Drip. Drip. Drip.
It was a misty, cold morning with a slight drizzle. Rain water dripped through the holes in the roof into the buckets Amara placed on some spots in the house to collect the water.
"Mommy, it's almost Christmas and we do not have a tree yet. Do you know if Daddy will bring one when coming?" Laura, buried in a thick sweater up to her chin, her hair hidden in a beanie that covered her ears, asked her mother.
Amara, looking tired even though it was early in the morning, glanced at her eight-year-old daughter. It was days like these that she wished she had some magic powers to give Laura anything she asked for. She was not sure how she would tell her daughter that their next meal was dependent on her father's arrival from his journey to the city.
"I don't know dear but we must believe that Daddy will come back with a Christmas tree and some food."
Laura stared at her mother for a second then nodded. "Yes, mommy. I believe."
The cold was biting into his bones but Gary did not care. He pulled up the collar of his coat to cover his ears, stood by the roadside and waved as a pickup van drove closer. The driver slowed down.
"A lift to the next town, please?" Gary said quickly when the side glass wound down a bit. The driver, a middle-aged, bearded, fat man eyed him up and down then nodded.
"Get in. It's cold out here."
And that was how they both drove until they came upon an accident scene —a collision between a saloon car and a tricycle. The fender of the car was badly crushed, the tricycle was upside down. A short man in a red sweater and green trousers curled up by the roadside.
"Stop!" Gary exclaimed.
The bearded driver looked at him incredulously. "Why should we stop? I doubt if anyone survived that."
It was Gary's turn to look bewildered. "Surely there must be something we can do to help them," he suggested.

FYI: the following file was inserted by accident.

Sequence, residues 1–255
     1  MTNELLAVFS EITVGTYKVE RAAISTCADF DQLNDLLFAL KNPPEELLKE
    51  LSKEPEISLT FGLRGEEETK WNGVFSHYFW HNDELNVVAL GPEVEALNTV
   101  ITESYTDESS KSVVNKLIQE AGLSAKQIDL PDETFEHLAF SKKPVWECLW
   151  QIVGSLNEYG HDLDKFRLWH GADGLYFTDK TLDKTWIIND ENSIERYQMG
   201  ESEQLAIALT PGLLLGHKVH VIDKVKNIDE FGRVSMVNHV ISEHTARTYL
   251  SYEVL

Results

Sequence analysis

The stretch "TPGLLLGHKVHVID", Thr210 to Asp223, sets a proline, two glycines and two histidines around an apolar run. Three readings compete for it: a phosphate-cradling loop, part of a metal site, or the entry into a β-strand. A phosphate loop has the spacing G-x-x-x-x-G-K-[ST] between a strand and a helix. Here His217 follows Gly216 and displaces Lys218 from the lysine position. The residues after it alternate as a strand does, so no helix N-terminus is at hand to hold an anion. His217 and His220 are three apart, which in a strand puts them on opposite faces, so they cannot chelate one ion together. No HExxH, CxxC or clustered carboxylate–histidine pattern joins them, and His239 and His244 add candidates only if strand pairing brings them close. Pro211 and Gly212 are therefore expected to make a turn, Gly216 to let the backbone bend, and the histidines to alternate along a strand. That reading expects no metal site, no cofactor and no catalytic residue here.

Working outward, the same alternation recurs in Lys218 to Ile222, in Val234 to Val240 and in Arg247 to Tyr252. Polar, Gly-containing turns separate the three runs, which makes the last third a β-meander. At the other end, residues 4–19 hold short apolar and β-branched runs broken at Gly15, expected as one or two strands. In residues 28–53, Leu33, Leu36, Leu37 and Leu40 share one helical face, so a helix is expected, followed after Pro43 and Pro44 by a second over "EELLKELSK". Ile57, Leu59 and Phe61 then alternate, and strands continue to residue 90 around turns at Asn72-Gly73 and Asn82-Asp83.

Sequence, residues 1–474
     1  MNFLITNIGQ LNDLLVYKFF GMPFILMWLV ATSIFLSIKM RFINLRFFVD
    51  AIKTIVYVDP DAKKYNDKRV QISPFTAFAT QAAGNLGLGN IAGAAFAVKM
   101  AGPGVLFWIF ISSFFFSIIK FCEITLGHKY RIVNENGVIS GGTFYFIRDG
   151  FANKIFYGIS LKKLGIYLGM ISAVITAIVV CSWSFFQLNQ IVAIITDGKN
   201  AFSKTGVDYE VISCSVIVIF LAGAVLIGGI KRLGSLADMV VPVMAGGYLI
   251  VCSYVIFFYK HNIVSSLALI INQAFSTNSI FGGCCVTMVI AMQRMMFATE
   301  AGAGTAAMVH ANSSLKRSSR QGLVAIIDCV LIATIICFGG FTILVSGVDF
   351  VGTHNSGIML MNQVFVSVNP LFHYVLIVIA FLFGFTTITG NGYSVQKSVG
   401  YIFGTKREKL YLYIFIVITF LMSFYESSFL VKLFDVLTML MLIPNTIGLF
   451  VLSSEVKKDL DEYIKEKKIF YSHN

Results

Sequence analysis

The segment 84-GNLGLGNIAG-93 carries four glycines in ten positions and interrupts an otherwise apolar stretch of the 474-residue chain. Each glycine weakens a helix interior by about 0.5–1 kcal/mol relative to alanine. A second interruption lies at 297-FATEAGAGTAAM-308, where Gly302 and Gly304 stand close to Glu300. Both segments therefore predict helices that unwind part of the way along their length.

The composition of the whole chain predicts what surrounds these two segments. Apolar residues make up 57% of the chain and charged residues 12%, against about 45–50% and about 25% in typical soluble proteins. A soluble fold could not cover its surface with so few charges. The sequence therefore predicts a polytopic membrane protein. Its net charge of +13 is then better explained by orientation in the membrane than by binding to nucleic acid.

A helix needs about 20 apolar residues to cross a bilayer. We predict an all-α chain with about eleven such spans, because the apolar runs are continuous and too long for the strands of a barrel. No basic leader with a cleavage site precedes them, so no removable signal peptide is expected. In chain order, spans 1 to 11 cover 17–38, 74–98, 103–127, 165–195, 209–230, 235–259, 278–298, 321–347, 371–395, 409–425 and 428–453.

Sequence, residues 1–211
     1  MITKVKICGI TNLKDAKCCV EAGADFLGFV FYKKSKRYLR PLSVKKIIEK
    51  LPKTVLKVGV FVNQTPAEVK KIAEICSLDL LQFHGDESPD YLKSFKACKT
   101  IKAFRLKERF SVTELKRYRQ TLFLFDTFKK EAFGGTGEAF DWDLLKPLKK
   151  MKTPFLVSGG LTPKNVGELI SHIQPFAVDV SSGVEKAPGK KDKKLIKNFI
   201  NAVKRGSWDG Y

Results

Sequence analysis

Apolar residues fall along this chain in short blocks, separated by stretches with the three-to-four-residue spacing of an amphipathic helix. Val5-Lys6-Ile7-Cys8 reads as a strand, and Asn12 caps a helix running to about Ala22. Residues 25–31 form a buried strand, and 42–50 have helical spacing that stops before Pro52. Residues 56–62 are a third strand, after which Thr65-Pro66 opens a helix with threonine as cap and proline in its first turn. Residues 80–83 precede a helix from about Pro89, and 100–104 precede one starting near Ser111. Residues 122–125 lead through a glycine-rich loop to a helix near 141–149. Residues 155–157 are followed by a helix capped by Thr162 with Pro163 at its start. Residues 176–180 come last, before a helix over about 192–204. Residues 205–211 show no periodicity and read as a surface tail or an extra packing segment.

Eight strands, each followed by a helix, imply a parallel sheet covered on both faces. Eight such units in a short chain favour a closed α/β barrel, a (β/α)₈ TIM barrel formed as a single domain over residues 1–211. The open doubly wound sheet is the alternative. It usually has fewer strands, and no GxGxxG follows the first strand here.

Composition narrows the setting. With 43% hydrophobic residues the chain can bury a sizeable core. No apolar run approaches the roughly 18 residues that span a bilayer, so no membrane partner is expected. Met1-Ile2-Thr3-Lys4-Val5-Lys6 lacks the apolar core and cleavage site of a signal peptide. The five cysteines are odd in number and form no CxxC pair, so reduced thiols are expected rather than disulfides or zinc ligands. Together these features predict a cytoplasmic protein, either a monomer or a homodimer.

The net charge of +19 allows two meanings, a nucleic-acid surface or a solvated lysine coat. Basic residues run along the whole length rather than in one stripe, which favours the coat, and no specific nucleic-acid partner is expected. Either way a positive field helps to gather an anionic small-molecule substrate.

The driver shook his head. "I have to be home with my family. You looked like you needed the ride, that's the reason I stopped. If I stop now, I won't wait. Make your choice," the driver grumbled.
"Fine. Stop and I'll get down."
Gary got out of the van and ran towards the curled up man while the bearded driver drove away fast, his tyres screeching.
"Mister, are you alright?" Gary lightly touched the man's shoulder. A groan alerted him that the man was awake. Gary gently turned him on his back. The short man was very pale, his lips white but he blinked his eyes open to stare at Gary.
Then he smiled, some colour returning to his face and croaked, "th-that was a close call. Thank you for stopping to check on me."
"Just lie still. Are you in pain? How did the accident happen?" Gary asked quickly just in case he fainted and help arrived.
The short man chuckled. "I'll be fine in a bit. Was driving the tricycle and did not see that the car was parked there. Hehe. Silly me, right?"
Gary stared at him trying to comprehend all the man just divulged. "Come on. Help me up and take me home with you. I am so hungry. You would not mind sharing a meal?"
Then Gary remembered he had to get home to his wife and daughter with the little food he bought on his way with the last money on him. Maybe when the short man sees what they would eat, he would change his mind and leave.
"Sure. My name is Gary. Can you walk?"
"I am Bama. Yes, yes. Let's go. I am famished!"
After a meal of cornbread, cheese and some hot tea, Bama thanked Gary's family —Amara and Laura— for their hospitality.
"It's almost Christmas. Will you stay and spend Christmas with us?" Laura asked, her eyes wide and innocently staring at Bama.
"Laura, shh!" Amara whispered and smiled at Bama. "Sorry about that, Mr Bama. I'm sure your family would expect you for the holidays."
Bama chuckled. "It's alright. Your daughter longs for Christmas and let's see how I can help her wish come true." He went out of the house, only to return about ten minutes later from the wind and cold with a Christmas tree on his shoulder and some decorations in a box.
"A Christmas tree! Look, mommy!" Laura couldn't stop jumping, her eyes alight with happiness.
Amara could not contain her joy either. "Oh, Mr Bama you shouldn't have gone through the trouble."
"It's nothing. Your husband stopped and saved me when no one else would. He has a good heart." Gary flushed a little from the commendation.
As Gary's family waved goodbye to Bama, the weather got colder but it did not deter Bama from trudging down the road to an unknown location. When he was clearly out of sight, he pulled off his beanie to reveal small ears with pointy tips. He smiled, feeling good that he could spread at least one more season cheer before he returned home.